A Lasting Impression

Monday morning at 04:00, Meg and I woke up to do a "swimmer watch." As we are one day away from setting sail for the Canary Islands, security has been increased during this past week to prevent any potential stow-aways from coming onboard our ship.

We were stationed at the aft end of the ship and I took the responsibility of operating the torch and radio, naturally. What we had to do was keep an eye out for people climbing up the mooring lines and monitor fishing boats that float close to the ship to catch tiny fish.

Early-morning fishermen

The mooring lines

The watch technically only lasted until 06:30, but we stayed up until 07:00 to see the sun rise. It was an uneventful three hours (fortunately), however, watching the sun appear over the humid ocean was a great, final, lasting memory for my time here in Benin.

The remainder of the day felt odd. It is exciting that we are leaving, but my heart is sore nonetheless. Benin has been a part of my life for nearly an entire year.

As I walked down the dusty road outside the port one last time this evening, I thought back to the first time I wandered out there and how overwhelmed I was. I have experienced and seen tremendous pain, suffering, and sorrow here. But the reverse of those things has also been felt. I have laughed regularly and deeply, I have developed life-long friendships, I have witnessed the might, mercy, and compassion of our Heavenly Father, and I have found love, in His arms, and in brothers and sisters with whom I share a love for Yahshua.

This year has been momentous. I have grown and changed considerably. I have left with far more life-experience and wisdom than I could have ever hoped for. On top of that, I leave with a person who has come into my life unexpectedly and who is going to be around for a long, long time, I'm certain.

Psalm 117

1 O praise YHWH, all you nations; praise Him, all you people.
2 For His mercy and goodness is great toward us, and His truth endures forever and ever. Praise YHWH.




Recently, I traveled to a prison in the city of Cotonou to cover a story there. The Mercy Ships Dental Team was doing their last outreach of the year by offering free tooth extractions and oral-health education to the prisoners.

Entering the prison was strange. Meg and I wandered in nonchalantly with cameras and bags. There were a few security guards that payed little attention to us and who motioned us through several doors as we kept asking, "Mercy Ships?" Eventually we found ourselves standing amongst prisoners inside the compound. I was nervous for a few seconds until I saw my friend Jess and the rest of her team.

The Dental Team hard at work

I soon realised that this prison did not follow the mould that I was familiar with. Here the prisoners were given free reign during the day around the entire compound. The place functioned like a small community with markets, a mosque, a church, a bank, and even a music room. Some of the prisoners receive wages working as peacekeepers and cleaners. It all seemed quite pleasant until I started interviewing a few people. Although the conditions seemed okay on the surface, nobody wanted to be there. At night they get locked into cells - some of them crammed with up to 250 men. The overall health quality is extremely low and, altough they were happy to receive free dental treatment, many rather wished that doctors had come to deal with the more serious health problems.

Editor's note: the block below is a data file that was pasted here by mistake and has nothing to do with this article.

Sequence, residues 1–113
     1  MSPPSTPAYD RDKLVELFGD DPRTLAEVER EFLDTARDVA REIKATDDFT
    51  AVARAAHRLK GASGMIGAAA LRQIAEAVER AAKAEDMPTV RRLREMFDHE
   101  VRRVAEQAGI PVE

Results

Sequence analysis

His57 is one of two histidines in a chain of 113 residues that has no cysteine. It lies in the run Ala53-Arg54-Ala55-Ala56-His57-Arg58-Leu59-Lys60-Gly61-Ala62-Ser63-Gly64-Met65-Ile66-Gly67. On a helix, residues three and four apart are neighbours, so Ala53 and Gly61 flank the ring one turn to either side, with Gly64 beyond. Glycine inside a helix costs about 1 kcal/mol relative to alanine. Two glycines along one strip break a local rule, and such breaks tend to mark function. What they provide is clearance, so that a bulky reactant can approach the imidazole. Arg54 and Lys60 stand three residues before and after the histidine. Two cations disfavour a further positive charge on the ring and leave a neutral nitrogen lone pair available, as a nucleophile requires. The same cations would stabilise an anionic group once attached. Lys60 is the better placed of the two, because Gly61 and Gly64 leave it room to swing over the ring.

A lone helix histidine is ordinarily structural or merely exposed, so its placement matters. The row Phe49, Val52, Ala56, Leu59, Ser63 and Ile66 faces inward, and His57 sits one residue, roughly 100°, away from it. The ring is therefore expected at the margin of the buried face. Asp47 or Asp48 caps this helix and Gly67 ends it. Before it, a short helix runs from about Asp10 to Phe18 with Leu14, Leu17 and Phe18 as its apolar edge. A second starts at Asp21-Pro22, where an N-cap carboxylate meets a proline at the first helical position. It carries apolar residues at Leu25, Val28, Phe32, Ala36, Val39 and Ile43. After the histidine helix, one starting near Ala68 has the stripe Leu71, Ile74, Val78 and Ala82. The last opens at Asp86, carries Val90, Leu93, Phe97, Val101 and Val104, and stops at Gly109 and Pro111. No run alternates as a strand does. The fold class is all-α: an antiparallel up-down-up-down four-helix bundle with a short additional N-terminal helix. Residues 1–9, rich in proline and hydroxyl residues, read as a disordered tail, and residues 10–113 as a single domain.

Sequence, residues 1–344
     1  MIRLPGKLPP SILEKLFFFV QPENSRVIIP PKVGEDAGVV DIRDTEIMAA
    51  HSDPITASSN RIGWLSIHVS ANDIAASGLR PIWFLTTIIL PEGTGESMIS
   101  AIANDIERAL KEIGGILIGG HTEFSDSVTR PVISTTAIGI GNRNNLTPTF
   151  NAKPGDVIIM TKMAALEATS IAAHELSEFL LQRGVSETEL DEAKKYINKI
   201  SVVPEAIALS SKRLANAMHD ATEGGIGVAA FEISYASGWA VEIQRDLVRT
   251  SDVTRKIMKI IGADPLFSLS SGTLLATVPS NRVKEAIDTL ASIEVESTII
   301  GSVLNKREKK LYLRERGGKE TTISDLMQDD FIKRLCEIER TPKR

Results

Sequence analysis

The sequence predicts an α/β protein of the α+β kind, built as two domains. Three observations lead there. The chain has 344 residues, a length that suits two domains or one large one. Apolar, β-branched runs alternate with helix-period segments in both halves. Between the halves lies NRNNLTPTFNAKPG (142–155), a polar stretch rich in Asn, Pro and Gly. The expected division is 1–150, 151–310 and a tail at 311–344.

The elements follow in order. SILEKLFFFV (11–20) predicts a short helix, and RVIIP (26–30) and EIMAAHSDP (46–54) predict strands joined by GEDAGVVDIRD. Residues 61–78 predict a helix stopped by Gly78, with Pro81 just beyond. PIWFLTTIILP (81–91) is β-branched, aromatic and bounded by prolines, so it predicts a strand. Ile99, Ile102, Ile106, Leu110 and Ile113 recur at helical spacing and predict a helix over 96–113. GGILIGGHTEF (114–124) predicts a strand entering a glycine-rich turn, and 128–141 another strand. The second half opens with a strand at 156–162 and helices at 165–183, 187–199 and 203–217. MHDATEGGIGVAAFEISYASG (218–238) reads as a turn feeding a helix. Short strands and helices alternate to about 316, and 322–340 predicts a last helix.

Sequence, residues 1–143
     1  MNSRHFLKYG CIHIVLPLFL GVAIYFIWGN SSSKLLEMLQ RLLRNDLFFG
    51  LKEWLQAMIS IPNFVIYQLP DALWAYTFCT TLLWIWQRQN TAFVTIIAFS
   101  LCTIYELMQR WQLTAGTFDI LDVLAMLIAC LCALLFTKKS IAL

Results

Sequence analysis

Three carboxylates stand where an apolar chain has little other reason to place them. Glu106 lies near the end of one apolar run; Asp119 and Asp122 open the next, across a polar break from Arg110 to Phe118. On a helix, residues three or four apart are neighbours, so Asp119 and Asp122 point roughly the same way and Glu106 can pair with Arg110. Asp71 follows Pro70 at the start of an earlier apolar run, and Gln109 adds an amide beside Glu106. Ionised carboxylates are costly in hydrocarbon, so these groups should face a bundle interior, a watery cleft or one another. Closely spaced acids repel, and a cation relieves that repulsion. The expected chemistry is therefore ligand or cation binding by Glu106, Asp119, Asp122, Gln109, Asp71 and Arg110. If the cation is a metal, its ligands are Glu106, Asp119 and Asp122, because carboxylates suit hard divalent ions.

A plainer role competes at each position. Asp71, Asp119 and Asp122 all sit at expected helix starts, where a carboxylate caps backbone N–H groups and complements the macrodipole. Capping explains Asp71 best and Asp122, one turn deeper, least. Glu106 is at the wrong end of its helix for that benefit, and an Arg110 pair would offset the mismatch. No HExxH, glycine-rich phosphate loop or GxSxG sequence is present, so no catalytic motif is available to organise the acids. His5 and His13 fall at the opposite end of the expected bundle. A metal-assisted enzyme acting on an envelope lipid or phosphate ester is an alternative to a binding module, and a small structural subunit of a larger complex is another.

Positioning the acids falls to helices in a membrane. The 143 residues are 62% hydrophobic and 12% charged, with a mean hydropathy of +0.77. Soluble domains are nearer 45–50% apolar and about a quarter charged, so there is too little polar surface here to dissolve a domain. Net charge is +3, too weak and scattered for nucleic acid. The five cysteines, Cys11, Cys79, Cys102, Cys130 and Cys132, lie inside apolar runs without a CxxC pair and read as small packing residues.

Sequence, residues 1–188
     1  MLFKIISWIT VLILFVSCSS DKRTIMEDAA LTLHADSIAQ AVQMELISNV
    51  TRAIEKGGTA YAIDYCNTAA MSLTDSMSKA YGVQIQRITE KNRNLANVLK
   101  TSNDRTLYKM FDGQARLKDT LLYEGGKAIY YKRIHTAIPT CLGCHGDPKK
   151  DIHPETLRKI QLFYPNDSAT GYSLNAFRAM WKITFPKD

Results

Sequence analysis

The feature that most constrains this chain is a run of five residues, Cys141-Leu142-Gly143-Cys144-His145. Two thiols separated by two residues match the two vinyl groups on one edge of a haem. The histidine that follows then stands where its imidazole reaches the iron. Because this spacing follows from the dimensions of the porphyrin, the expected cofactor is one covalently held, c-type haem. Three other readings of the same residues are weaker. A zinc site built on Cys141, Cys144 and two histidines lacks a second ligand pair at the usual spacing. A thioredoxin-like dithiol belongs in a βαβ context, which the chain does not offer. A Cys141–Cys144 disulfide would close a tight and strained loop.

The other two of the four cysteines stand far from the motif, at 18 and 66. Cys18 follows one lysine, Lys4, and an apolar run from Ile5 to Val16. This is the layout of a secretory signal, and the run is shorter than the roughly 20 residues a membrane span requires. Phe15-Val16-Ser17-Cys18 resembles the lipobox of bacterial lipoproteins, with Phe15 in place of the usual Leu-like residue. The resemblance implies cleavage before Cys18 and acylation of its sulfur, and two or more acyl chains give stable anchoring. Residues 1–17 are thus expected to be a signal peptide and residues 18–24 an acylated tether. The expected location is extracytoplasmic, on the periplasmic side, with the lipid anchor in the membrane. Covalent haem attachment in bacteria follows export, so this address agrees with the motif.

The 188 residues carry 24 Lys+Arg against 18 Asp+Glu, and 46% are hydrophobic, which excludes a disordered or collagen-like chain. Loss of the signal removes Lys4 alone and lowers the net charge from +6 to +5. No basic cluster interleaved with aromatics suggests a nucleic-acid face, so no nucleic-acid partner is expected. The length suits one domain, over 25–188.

Interviewing the Prison Director Representative

The music room

After interveiwing the representative in charge, I still needed to get an interview from a prisoner that had received a tooth extraction. I prayed silently to be directed to the right person. Then I saw a man smiling brightly, trying to get my attention. I walked over to him with a translator and introduced myself. His name was Judicael and he wanted me to photograph him. I obliged and proceeded to ask him a few questions about his oral health and the tooth that he had extracted. Curios, I eventually carefully asked him if he would be willing to share why he had come to be in prison. "I will tell you, but can we go somewhere quiet first?" he requested.


We went and stood in a fairly calm corner of the compound near the urinal - the one place where we wouldn't be followed. He proceeded to reveal the confidential and tragic events leading to his current state. He began to cry and I spent the next fifteen minutes trying to minister to him. Fortunately, my translator Alfred had worked in prison ministry for years and knew exactly what I was trying to say to Judicael. I prayed with him and left heavy hearted.

The worst thing about that prison and most African prisons, I guess, is that people tend to be forgotten about and are never given a fair trial. Judicael had been there for five months and had no idea how long his sentence would be. He felt that his crime warranted about five years. He told me that he had accepted Yahshua as his saviour and had asked for forgiveness. I encouraged him to keep praying and developing his relationship with his Heavenly Father, because that is the most important thing he could do.

I'm really proud if this photo I took. I simply looked up and saw this man smiling at me. I think it might be my best photo yet.



Every Friday afternoon, after a long week of interviews, writing, and recording, I head out with the other active crew members of the ship to play Ultimate Frisbee. We usually have around 26 players and play on either the beach or a dusty football field - the latter is usually occupied with football players.

Whenever a round is started, the person launching the frisbee has to shout: "Ultimate!" It's a great way to end a week and start a weekend. I'm really going to miss playing it when I leave.

My friend and colleague PJ made a noble sacrifice a few weeks ago and, instead of playing, offered to take photographs of the rest of us playing. See his work below.

PJ is the best photographer I know. This is why.


Local kids [right] got caught up in the action.

I think I may have fumbled this one.

"I've got it!"

"Catch it!"

C'est moi.



A little over a week ago, Adele died. I met her back in June when I was writing an article about the Palliative Care Program. She was the reason that I decided to begin working a minor-job in this field. Her strong faith and contagious optimism struck a chord within me. I marveled at how she could remain so positive despite the massive growth occupying the side of her face.

For four-months I visited Adele once-a-week in her home. She would lie on her bed listening to portions of the bible read to her by our translator, after which she would proceed to give us a ten-minute sermon confirming the truth that she had just heard. Adele's daughters were always present. Sometimes they would sit beside her and listen; sometimes they would busy themselves with housework in the adjacent room.